Nnovvember + Galaxy Squad =

I don’t usually participate in any of the Lego group builds/theme builds for a number of reasons. A lot of them don’t call to me, and the ones that do tend to be the more involved ones, and I just don’t have the time. But this year Nnovvember rolled around, and an idea struck me: I’d been wanting to do something in the style of the Galaxy Squad bug ships but hadn’t figured out what. I was thinking a beetle, but that doesn’t fit the requirements of a Vic Viper—then it hit me: stag beetle! It has the two forward spars. And I can use the wings and shell for the Vic Viper’s requisite structures!

Unfortunately, Thanksgiving Day was the first chance I had to actually work on it—but at least I’d been doing a little bit of the planning in my head before then. And a few of my mental plans even worked with actual bricks. Over the course of about 16 hours, mostly yesterday, here’s what I came up with:


There was a slight set-back very early on as I realized that a Vic Viper is supposed to have one central tail fin, not twin fins as I’d originally intended. And, of course, your typical beetle has two halves to its shell. Solution: have the two parts fold into a single, if somewhat massive, tailfin. Figuring out the geometry was easy—or, rather, there was only one geometry that made any sense and didn’t require the two halves swapping sides, which was a bit more engineering than I wanted to engage in. But actually figuring out the Lego connections to make this happen, and have it sturdy enough, was rather more of a challenge.


I figured it out on its own, but it turned out that in translating to the actual ship, one of the seemingly-insignificant changes I made completely changed everything. I had originally intended the folded wing shells to form a fin further back, maybe even sitting on a support coming from the engine pod, but I couldn’t find a position that they would balance at—they kept flopping backwards. Once I figured out that they could sit further forward—and that’s one of the sturdiest parts of the ship, so it could definitely support them, the only problem was they would tend to not line up. A couple magnets took care of that.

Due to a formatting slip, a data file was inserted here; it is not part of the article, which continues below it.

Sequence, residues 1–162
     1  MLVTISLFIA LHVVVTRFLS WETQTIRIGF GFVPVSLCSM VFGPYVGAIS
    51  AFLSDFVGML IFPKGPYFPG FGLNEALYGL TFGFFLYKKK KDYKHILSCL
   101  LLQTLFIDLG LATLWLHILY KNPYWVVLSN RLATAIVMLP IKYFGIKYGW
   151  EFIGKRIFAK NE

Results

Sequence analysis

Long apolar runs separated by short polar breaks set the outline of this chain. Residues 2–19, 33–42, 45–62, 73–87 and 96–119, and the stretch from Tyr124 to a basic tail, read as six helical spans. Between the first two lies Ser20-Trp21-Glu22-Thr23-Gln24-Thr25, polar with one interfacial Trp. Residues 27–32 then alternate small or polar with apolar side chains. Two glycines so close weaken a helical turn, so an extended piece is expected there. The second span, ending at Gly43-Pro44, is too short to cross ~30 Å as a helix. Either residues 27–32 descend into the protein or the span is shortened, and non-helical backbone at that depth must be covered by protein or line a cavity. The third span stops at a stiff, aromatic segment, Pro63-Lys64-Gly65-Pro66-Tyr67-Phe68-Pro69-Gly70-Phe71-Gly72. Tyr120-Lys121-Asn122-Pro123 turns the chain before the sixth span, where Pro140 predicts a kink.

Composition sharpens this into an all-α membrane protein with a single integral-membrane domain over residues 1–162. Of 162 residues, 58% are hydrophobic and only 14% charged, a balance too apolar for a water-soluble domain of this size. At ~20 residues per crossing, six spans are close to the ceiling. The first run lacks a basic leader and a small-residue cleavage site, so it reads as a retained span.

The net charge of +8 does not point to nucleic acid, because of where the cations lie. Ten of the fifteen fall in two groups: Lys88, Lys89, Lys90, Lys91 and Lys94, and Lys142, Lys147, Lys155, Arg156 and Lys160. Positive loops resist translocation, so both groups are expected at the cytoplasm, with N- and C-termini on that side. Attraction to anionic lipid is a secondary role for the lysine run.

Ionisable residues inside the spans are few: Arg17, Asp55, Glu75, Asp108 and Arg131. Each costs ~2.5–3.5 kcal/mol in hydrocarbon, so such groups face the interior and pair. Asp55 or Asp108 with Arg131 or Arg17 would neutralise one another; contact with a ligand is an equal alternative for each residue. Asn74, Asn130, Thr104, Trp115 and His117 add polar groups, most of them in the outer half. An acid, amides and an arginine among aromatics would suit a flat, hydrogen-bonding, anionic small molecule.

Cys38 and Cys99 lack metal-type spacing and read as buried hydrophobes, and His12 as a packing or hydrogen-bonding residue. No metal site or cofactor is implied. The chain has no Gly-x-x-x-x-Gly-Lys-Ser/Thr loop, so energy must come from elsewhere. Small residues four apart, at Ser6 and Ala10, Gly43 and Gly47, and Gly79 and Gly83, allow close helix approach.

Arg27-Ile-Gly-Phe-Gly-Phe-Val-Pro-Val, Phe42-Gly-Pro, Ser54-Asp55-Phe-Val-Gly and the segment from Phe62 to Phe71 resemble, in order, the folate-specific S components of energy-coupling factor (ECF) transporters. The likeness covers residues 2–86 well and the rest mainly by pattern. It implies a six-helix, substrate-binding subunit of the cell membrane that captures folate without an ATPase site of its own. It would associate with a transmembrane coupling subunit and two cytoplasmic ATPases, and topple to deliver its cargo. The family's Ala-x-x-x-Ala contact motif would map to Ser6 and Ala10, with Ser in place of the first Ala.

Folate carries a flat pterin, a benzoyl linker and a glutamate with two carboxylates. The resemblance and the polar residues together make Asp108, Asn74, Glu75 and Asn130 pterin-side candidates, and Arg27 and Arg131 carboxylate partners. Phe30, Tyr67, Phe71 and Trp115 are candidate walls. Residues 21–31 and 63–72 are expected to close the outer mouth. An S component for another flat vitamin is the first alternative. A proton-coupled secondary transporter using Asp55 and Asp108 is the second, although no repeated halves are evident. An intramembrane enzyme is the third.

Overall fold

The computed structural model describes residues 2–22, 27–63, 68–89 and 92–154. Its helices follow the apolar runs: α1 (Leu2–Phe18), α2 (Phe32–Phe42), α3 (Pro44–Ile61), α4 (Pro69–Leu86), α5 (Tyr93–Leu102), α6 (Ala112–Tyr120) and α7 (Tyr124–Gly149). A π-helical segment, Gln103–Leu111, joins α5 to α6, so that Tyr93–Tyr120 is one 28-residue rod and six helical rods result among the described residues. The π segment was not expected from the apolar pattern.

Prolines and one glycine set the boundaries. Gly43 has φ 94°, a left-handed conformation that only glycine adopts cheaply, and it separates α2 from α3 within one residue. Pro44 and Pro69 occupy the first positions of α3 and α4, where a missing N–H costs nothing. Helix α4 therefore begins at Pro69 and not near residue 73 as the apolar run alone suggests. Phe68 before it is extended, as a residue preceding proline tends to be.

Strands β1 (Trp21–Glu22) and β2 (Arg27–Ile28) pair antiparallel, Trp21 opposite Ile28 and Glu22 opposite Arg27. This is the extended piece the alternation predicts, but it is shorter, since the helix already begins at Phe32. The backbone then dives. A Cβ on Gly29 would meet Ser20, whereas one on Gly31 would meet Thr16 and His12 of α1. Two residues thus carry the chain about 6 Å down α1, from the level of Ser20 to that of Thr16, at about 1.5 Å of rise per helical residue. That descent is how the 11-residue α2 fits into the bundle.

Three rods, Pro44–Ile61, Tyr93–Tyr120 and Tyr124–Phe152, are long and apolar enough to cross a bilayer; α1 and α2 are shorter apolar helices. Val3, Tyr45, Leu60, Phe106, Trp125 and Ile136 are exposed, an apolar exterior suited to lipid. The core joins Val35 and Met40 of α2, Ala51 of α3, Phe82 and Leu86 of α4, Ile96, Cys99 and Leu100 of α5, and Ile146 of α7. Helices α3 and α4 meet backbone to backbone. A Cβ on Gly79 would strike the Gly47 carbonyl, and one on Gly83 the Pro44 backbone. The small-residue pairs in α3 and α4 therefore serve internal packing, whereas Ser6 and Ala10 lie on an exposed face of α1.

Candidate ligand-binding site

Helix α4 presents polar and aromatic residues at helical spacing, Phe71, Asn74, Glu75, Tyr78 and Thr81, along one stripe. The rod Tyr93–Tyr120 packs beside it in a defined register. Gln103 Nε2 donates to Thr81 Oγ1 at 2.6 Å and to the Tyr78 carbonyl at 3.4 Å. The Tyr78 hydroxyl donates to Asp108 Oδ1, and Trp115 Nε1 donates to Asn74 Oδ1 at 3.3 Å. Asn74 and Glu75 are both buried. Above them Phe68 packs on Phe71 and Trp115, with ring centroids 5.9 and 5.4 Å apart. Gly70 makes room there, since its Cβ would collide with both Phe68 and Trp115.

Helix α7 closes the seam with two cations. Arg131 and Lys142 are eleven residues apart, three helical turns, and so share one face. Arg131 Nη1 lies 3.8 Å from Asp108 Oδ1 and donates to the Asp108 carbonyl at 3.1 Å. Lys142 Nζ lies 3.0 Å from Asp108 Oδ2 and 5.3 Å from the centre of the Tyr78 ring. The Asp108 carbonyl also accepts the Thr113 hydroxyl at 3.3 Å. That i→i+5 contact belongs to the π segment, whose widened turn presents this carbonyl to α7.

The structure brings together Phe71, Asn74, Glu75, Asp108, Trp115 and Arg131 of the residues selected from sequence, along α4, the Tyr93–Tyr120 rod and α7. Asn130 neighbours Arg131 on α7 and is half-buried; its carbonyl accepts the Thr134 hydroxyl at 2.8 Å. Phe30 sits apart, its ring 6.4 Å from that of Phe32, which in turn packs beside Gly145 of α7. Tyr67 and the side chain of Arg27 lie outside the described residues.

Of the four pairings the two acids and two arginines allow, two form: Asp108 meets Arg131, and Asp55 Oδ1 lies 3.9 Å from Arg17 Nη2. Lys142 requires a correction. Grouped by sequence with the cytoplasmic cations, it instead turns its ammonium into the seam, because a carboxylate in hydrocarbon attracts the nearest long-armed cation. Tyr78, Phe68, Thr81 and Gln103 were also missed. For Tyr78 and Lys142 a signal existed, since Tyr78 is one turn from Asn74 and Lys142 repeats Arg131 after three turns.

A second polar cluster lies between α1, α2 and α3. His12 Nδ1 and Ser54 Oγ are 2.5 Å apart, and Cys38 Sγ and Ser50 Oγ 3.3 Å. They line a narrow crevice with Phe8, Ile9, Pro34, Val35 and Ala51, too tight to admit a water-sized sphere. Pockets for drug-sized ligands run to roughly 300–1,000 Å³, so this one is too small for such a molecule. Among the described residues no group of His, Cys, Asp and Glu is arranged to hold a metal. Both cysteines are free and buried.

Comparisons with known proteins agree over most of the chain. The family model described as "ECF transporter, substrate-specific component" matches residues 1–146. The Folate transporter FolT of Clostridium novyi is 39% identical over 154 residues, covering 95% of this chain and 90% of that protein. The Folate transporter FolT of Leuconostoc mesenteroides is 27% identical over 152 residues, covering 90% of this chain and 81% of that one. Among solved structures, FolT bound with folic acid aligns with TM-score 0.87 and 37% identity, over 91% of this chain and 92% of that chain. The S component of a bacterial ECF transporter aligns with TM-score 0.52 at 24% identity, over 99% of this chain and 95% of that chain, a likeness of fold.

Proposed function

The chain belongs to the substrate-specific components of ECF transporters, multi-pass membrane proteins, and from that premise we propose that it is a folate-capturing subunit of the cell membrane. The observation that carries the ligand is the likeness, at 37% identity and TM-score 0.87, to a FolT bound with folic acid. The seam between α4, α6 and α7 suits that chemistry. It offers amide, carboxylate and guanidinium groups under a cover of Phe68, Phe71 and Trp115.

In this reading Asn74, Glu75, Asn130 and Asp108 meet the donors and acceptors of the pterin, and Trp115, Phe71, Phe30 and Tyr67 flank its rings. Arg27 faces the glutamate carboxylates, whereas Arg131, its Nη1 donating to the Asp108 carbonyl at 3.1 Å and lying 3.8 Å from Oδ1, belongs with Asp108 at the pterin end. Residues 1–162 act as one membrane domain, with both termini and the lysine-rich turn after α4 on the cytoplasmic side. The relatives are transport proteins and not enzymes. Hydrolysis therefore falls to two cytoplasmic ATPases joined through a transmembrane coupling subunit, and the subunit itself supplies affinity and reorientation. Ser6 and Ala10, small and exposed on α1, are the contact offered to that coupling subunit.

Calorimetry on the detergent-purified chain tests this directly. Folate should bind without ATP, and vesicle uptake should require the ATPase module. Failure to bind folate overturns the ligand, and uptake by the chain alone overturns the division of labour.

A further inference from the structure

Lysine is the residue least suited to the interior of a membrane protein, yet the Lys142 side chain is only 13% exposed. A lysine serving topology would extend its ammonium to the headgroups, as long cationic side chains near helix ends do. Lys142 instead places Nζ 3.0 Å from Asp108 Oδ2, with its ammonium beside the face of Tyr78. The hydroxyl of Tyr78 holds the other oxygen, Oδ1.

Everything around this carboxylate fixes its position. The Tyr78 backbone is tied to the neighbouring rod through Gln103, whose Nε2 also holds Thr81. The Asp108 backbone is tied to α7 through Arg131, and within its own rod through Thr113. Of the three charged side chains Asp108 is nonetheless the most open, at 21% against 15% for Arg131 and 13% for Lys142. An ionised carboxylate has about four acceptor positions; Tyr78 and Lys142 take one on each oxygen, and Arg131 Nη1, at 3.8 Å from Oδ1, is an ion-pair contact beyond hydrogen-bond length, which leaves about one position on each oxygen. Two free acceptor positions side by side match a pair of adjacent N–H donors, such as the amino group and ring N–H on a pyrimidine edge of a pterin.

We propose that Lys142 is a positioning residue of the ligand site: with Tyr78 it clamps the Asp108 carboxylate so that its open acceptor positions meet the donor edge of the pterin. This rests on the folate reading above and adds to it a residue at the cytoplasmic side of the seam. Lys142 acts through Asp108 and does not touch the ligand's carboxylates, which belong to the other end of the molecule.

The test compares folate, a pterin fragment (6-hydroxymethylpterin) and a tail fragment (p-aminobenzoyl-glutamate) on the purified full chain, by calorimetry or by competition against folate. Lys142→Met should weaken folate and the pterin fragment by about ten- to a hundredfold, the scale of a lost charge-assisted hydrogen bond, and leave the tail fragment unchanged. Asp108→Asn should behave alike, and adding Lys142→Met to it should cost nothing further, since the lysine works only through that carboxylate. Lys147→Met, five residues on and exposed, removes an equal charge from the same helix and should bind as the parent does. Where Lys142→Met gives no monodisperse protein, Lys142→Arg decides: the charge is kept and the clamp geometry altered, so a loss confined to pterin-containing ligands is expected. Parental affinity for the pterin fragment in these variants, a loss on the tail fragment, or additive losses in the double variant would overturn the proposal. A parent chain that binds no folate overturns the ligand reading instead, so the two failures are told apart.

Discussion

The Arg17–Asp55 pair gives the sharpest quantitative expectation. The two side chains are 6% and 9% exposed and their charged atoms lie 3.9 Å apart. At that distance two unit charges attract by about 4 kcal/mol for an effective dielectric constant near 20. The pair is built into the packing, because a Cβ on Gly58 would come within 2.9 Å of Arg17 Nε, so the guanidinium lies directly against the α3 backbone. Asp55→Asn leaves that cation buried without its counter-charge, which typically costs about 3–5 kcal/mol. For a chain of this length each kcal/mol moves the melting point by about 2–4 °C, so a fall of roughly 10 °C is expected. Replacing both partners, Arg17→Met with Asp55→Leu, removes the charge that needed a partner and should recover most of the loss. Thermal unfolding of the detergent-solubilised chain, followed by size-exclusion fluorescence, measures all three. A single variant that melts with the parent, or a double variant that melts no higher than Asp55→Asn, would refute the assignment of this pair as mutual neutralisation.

(You’re not supposed to note the old dark gray.)

The shell itself was a fun puzzle. How to cover that much area with colors that are fairly rare, at least for me? The parts I had forced me to do some interesting geometries, and I’m really pleased with the end result. It does tend to tilt backwards when closed, and I thought about trying to do something about it, but I like the existing lines, and there’s no obvious way to solve it even if I were willing to make some changes—I’d need some sort of support pretty far back and high up, relative to the existing structures, and I’m not sure the existing bits would provide enough support for that. The functionality is technically just fine, they shells simply have too much of the mass too far back. And it’s not obvious that they weren’t intended to work the way they do. 


It does give them a nice angle, to add to all the other interesting angles I ended up with. 

I actually started with the folding wings. I’ve tried to do folding bug-like wings in the past, and never been satisfied with the end result—they were always either too bulky, too awkward, or the folded version wasn’t significantly smaller than the unfolded version. I think I nailed it this time.